Research by PhD student Stefanie Stantcheva touches on taxation, student loans and education incentives.
After months of hard work, four MIT students will head to New Mexico this Saturday to compete in an environmental design contest against 25 other university and college teams.
There, the students, who represent a nine-member MIT team, will present solutions to the contest's two-part challenge: (1) a proposal for the cleanup of five acres of contaminated soil, and (2) the identification of an aid for "water-harvesting," a technique to enhance the growth of vegetation in arid lands.
For the second part of the challenge, competitors were specifically asked to come up with a water-resistant "sealant" that could be applied to large areas of soil. Rain draining off the soil could then be used for irrigation.
This is the first year that MIT will compete in the fourth annual WERC International Environmental Design Contest. The contest, which features $35,000 in prizes, is hosted by the Waste-Management Education and Research Consortium (WERC). It will be held April 10-14 on the campus of New Mexico State University in Las Cruces.
MIT got involved in the contest after Professor Rafael Bras, head of the Department of Civil and Environmental Engineering (CEE), sent information about it to the civil engineering honor society, Chi Epsilon. Karen Schmitt, a junior in the department, was intrigued and began recruiting people from around the Institute (the final team includes two freshmen and students from CEE, ocean engineering and mechanical engineering). Dr. John Germaine, a principal research associate in CEE, is advisor for the project.
The students began developing their entry last fall. Since then they've spent hours not only coming up with solutions to both parts of the challenge, but researching the economic, lega- and health issues associated with them. For example, "we had to make sure [our solutions] complied with all environmental regulations and we had to develop a business plan," said Ms. Schmitt, who is manager for the MIT team.
The contest also generated some unexpected work: the students had to duplicate the soil provided by WERC to have enough soil for testing here at MIT. "That was a project in and of itself," Ms. Schmitt said.
Overall, she said, "this has definitely been more work than any of my 12-unit classes." (Although the contest is an extracurricular activity, the students did receive 3 units of credit for an IAP course on the contest.)
In New Mexico the students will submit a paper on their solutions, give an oral presentation, present a poster session and demonstrate their solutions on a small scale with soil samples provided by WERC.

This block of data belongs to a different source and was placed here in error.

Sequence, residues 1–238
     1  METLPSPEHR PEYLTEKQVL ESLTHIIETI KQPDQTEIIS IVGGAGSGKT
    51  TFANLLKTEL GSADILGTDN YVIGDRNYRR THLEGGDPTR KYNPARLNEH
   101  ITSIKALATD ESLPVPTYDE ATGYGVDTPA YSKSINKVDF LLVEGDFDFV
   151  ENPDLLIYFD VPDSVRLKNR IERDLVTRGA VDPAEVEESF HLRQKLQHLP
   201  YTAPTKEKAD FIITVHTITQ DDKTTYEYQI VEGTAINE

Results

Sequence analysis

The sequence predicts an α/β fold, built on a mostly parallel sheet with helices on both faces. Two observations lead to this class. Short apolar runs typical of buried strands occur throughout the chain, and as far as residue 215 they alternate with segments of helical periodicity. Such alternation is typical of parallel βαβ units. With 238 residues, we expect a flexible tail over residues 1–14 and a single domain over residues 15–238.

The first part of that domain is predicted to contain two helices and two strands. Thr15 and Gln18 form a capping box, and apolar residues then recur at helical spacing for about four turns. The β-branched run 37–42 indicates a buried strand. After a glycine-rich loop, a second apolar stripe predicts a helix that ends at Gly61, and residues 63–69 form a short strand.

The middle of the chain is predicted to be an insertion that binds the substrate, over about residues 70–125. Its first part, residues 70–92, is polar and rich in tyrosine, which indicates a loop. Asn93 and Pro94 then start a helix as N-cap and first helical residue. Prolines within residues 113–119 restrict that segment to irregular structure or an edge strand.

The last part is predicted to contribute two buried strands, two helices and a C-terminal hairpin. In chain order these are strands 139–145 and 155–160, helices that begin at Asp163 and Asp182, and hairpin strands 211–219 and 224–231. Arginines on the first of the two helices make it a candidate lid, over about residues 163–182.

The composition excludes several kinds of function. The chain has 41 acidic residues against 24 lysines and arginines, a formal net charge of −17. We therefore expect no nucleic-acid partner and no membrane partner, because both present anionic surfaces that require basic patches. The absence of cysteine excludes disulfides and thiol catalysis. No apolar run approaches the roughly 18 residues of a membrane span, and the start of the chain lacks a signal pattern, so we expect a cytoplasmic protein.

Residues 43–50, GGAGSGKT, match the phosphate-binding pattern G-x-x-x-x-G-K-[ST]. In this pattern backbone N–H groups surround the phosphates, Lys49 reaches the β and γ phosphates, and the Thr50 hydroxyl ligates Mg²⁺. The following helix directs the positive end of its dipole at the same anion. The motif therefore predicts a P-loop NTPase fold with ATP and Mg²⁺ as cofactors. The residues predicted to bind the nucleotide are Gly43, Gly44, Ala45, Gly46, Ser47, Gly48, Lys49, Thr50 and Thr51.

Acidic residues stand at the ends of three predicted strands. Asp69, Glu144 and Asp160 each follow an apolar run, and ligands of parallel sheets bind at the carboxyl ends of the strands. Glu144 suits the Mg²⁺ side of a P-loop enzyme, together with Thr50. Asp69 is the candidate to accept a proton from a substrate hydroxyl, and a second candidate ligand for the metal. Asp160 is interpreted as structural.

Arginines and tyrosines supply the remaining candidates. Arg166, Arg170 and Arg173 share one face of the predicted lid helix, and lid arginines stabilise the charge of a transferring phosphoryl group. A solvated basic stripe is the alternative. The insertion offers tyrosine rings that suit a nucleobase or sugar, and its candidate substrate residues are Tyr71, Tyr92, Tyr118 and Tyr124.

What did they come up with? For the soil remediation part of the contest, the group developed a "soil extraction and heating process," Ms. Schmitt said. "We're basically going to dig up the soil then wash it in a mixture of acetone, alcohol and water, which should remove most of the contaminants. Then, since [the hypothetical site is] in New Mexico, we're going to use solar ovens to burn off the rest of the contaminants."
In devising this solution, the team took advantage of the following contest assumptions: there is adequate space to store the contaminated soil for one year, and the contaminants only penetrate to about one foot below the surface of the ground.
At the contest they'll test their solution on five kilograms, or "five small zip-lock bags full," of contaminated soil provided by WERC, Ms. Schmitt said. (For testing at MIT the students had to contaminate the soil themselves with the ten pollutants stipulated because WERC couldn't send them contaminated soil in the mail.)
For the second part of the contest, the group came up with a viable soil sealant. "It's basically a pine oil emulsion," Ms. Schmitt said. "We're diluting it with water and spraying it on the soil." In New Mexico the group will test the concoction in a small sandbox tilted at a 30 degree angle. (In addition to showing water-resistant properties, the winning sealant must prevent erosion on slopes.)
Ms. Schmitt noted that the pine oil the MIT team is using is a commercial product, "but it's never been used for this type of application." And that generated another unexpected twist related to the contest: the company that produces the oil called her last week "to ask if they could distribute our research to some of their other clients." (For the contest-and accordingly for this article-teams aren't allowed to report any trade names or companies of products used.)
For the final part of the contest, the group has also prepared a "conceptual design" for a machine capable of applying the sealant to large areas with slopes of up to 30 degrees.
In addition to Ms. Schmitt, the following students are on the MIT team: freshmen Eric Gravengaard and Reginald Paulding; sophomore Stephanie Sparvero of CEE; juniors Melinda Moss and Maish Richard, both of CEE; seniors Kerry Bowie of CEE and Mike Strong of mechanical engineering; and graduate student Greg Diggs of ocean engineering. Ms. Schmitt, Mr. Bowie, Ms. Sparvero, and Mr. Gravengaard will represent the team in New Mexico.
The MIT Department of Civil and Environmental Engineering is fully funding the MIT team. WERC is a "consortium of universities, industries and national laboratories that provides resources to address issues of waste management and environmental remediation," according to a consortium release.
A version of this article appeared in the April 6, 1994 issue of MIT Tech Talk (Volume 38, Number 28).